My dad did some research on this a while ago (since he gets them too), and he found this site that said they were from a liver disease. The liver gets overloaded with excess sugar, since it's not used to the amount of sugar that's been eaten, and backs up with lactic acid, which builds up in the muscles (just like when you run too hard), causing cramps in the arms or legs.
If you find out anything from your doctor, please tell me! I've never had a doctor take me seriously about this.
I remembered some more "soft" rules that I take for granted ^_^;;
On days that I eat too much sugar (or bread, since I've gotten cramps on a day that I only ate bread, when I was used to eating more meat/veggies), I eat more of everything else as well! Since the cramps occur from more *relative* amounts of sugar, then even if I eat more sugar, if I keep the amount of sugar relative to meat and veggies the same as usual, I don't get the cramps. Of course, it's not a perfect rule, but I've mostly been sticking to that rule for a few years now, and last night's cramps were actually very out of the ordinary for me.
So here's an example: if I'm going to overindulge on pasta, then I better eat more meatballs and pasta sauce that I usually do, as well, or else I'm going to get cramps from the pasta.
Also, rubbing Aspercreme into the affected muscles helps, too.
I know when I was a kid I had the same thing. And I wasted a several trips to my parents family doctor for them to tell my parents its just growing pain. Sure they would put some typical gozz on it that you buy at the drug store, but being a kid you think it helps.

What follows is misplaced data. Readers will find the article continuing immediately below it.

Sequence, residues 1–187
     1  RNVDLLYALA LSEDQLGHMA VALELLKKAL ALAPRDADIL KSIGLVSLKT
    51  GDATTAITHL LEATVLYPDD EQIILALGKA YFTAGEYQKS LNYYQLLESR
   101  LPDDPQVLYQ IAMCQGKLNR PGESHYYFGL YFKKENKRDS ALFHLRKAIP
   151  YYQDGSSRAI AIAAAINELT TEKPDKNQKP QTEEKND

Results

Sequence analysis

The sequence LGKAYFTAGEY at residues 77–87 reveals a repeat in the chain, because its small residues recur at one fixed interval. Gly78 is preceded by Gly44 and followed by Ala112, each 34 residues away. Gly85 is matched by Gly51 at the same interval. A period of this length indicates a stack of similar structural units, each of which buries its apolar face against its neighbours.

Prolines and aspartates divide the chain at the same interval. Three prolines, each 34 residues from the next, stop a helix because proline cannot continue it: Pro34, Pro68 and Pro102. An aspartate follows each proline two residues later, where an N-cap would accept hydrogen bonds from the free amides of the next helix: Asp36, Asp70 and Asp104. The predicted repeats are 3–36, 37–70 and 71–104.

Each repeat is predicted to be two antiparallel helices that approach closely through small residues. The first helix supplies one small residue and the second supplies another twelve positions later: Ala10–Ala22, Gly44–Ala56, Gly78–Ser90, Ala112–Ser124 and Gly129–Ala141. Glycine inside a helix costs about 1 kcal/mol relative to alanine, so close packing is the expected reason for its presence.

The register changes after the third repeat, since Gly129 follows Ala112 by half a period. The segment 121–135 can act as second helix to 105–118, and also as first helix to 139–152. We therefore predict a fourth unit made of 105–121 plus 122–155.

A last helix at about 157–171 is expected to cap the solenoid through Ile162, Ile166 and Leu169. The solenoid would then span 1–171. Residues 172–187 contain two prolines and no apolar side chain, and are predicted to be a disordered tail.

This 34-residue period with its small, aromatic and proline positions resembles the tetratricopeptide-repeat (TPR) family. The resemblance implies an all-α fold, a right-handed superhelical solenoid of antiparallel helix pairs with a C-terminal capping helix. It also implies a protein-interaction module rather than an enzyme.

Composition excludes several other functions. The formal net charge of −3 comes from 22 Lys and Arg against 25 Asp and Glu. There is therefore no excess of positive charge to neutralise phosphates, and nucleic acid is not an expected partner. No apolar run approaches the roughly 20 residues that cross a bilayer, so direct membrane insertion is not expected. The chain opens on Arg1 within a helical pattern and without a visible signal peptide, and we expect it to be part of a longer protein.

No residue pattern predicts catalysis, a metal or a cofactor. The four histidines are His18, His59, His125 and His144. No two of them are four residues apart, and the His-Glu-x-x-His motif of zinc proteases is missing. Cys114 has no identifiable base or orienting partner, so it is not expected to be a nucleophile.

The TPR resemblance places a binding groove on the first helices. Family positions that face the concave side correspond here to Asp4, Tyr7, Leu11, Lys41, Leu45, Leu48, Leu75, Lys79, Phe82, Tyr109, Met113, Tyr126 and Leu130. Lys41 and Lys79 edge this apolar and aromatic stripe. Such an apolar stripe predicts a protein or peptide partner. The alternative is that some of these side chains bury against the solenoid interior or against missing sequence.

I know My ankles and knees were always bad. So i'd go for the home remedies before you take a trip to your family care doctor! Good luck...and this may sound cheesy, but maybe try the gozz thing? reverse psychology on a kid works sometimes haha it did on me!
I too had this as a kid-still do in fact...
Please make sure your child is checked out by a rhumatologist, I went through my whole childhood with pain and restless muscles -it continued into adulthood-then I found out that I have psoriatic arthritis and rhumatoid arthritis and fibromyalgia. I thought as a kid that no one believed me and that I must be crazy or something. Getting this checked can help your child to rest a little easier knowing that your doing all you can for him.
In the mean time I used to sleep with my legs propped up on the back of the couch and this helped ALOT-when the blood loss made my legs go to sleep i could sleep to-by the way as soon as he's asleep his legs will probably fall down from their position...Good Luck! Val
Valerie, we had my son checked by a specialist for psoriatic arthritis about a year or so ago. He has psoriasis but the specialist said it was very rare for children to have the arthritis. These are not your average growing pains. The skin turns red around the joint where the pain is and if the pain is near his knee or ankle, the tendons are taut and bulging out.
I don't know what this is but since we've really cut out sugar, he's had virtually no cramps. He's had a few episodes but nowhere near what he was having.